Study results from the recently deregulated Swedish motor vehicle inspection market

Published: 2018-10-31

How do customers benefit when a monopoly market is opened to private actors? What is the adverse consequence of providing inspection services by competing firms? Those were the questions that Osmis Areda Habte posed in his recently defended PhD thesis in economics at the Lund University School of Economics and Management. The case: the Swedish motor vehicle inspection market (bilbesiktning).

Närbild på hjul och delar av underredet på en bil. Suddig bilmekaniker i bakgrunden. Foto: Istock.
Photo: Istock

My thesis consists of three papers that examines the Swedish motor vehicle inspection market in different ways using solid econometric methods. The market was opened up for competition in 2010 and I wanted to know what effects that had led to,” says Osmis Areda Habte and explains:

In the first paper, my supervisor Håkan J. Holm and I investigated whether increased competition between car inspection firms motivates the firms to deviate from the regulations and relax the standards of the inspection to their customers. We hypothesized that the fear of losing customers to competitors may incentivize firms to provide a lenient and biased inspection service to their customers. The results support our hypothesis that the likelihood for a given car to pass a mandatory inspection at a given station increases with the level of competition the inspection station faces from its rivals.”

This implies, according to Osmis, that the regulator of the market, the Swedish Transport Agency (Transportstyrelsen), should put more monitoring efforts on stations that operate in highly competitive markets.

Osmis also examined the effect of competition on an inspection firm’s incentive to provide longer opening hours. He points out that although the existing theoretical literature indicates the strategic importance of opening hours choice in attracting customers, empirical evidence for the effect of competition on opening hours has been sparse.

My research fills this gap by analysing how local competition affects a firm’s choice of opening hours. This paper uses unique data from the regulator of the market, the Swedish Transport Agency. I find that increased competition between service providers leads to expanded service opening hours. The probability that an inspection station provides services on weekends also increases with local competition,” Osmis says. He believes that the findings of this part of the thesis can be of use for competition authorities and courts in competition law enforcement.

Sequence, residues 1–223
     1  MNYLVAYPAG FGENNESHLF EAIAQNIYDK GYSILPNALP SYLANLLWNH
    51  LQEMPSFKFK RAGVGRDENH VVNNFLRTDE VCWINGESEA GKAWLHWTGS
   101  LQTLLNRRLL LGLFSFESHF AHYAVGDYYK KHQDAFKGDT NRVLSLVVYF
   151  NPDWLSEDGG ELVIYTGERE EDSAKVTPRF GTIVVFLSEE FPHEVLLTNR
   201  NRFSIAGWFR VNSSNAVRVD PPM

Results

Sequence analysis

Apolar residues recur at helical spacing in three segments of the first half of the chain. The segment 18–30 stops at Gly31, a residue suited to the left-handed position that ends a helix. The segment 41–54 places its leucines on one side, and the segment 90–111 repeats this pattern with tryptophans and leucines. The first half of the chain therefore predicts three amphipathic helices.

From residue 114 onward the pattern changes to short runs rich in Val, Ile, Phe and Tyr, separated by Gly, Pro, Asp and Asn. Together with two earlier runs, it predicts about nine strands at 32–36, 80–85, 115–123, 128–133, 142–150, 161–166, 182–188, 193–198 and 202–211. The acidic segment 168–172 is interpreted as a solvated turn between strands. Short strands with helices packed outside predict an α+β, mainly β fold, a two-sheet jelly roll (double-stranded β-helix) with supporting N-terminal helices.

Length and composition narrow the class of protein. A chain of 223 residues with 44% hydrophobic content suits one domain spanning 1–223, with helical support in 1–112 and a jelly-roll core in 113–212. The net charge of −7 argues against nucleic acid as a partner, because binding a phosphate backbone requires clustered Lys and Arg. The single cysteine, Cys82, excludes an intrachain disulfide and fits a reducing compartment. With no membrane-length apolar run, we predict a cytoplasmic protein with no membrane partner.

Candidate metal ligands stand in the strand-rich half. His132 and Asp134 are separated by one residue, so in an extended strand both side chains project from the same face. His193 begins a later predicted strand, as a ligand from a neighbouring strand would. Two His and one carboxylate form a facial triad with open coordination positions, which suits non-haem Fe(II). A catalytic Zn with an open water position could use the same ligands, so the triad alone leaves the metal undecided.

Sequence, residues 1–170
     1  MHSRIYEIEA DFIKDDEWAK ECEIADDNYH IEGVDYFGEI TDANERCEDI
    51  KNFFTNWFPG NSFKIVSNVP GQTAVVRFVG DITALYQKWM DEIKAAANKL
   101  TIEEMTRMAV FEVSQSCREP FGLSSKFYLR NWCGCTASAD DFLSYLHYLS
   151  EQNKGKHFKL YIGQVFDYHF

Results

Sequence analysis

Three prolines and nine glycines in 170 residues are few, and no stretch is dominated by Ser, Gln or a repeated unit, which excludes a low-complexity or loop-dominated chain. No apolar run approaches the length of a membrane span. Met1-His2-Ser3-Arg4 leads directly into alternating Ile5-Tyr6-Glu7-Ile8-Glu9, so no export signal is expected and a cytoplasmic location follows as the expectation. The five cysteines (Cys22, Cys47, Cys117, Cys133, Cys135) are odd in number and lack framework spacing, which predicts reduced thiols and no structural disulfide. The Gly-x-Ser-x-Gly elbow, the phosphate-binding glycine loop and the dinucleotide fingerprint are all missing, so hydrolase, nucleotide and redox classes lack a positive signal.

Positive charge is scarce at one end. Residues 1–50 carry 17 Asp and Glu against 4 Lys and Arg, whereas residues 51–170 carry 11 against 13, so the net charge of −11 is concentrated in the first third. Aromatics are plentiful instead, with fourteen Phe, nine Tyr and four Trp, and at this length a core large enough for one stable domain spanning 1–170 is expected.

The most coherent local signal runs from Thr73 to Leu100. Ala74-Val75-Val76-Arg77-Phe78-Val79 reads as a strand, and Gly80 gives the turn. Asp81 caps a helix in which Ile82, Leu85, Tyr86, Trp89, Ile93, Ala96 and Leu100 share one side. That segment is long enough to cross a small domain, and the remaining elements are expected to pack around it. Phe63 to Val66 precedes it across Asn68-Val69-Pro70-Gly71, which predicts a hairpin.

The last part of the thesis also investigates which station characteristics car owners’ value when they make a station choice and how the improvement in choice availability to consumers encourages service providers to satisfy the preferences of consumers in this market.

I wanted to know how consumers benefited when the state monopoly on inspection services was removed and the market was opened to private providers. The results indicate that distance is an important determinant of station choice. Car owners are willing to pay around SEK 41 to avoid traveling one additional kilometre. I also find that consumers choose stations that offer lower prices, longer opening hours and that are large in size. The findings also indicate that consumers become more responsive to price and opening hours when they have more options to choose from.”

The improvement in geographical accessibility to stations following the opening of the market to private providers benefits consumers on average by around SEK 100. The results suggest the importance of considering non-price effects of policy changes when evaluating its benefits to consumers.

Osmis Areda Habte defened his thesis on September 27. On 1 November he starts his new job – at the Swedish Competition Authority.

Read the thesis Essays on competition and consumer choice here


Osmis Areda Habte
Department of Economics, doctoral student